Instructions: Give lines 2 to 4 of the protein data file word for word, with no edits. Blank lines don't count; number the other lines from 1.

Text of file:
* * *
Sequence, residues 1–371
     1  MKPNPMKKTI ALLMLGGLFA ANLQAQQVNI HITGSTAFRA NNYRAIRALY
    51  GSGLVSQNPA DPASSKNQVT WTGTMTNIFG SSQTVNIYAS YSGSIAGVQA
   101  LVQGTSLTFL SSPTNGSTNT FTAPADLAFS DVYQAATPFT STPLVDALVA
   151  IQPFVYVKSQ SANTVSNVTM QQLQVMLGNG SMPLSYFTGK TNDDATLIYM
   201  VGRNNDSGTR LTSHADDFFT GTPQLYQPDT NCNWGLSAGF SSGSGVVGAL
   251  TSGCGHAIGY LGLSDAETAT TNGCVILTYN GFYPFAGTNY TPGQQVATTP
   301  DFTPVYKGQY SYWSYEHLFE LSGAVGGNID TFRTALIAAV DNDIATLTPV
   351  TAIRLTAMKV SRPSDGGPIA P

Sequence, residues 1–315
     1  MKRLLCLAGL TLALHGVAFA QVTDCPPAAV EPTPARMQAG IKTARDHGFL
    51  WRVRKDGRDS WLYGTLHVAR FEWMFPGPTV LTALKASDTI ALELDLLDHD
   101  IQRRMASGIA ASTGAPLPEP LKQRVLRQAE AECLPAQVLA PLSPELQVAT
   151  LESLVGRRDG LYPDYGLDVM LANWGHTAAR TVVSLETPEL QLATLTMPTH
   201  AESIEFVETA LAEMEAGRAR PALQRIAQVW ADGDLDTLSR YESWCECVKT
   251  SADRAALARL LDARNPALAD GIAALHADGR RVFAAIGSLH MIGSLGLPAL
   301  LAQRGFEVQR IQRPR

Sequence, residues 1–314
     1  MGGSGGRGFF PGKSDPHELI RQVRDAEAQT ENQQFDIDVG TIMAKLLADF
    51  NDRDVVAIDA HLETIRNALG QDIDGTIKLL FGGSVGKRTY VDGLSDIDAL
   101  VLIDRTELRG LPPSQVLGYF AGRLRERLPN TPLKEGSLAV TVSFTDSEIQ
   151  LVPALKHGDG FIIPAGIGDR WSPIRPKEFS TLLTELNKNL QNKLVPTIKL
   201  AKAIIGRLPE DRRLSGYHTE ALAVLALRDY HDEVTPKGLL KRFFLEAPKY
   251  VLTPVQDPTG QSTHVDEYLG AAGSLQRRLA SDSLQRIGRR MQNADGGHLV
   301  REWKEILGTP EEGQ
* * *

     1  MKPNPMKKTI ALLMLGGLFA ANLQAQQVNI HITGSTAFRA NNYRAIRALY
    51  GSGLVSQNPA DPASSKNQVT WTGTMTNIFG SSQTVNIYAS YSGSIAGVQA
   101  LVQGTSLTFL SSPTNGSTNT FTAPADLAFS DVYQAATPFT STPLVDALVA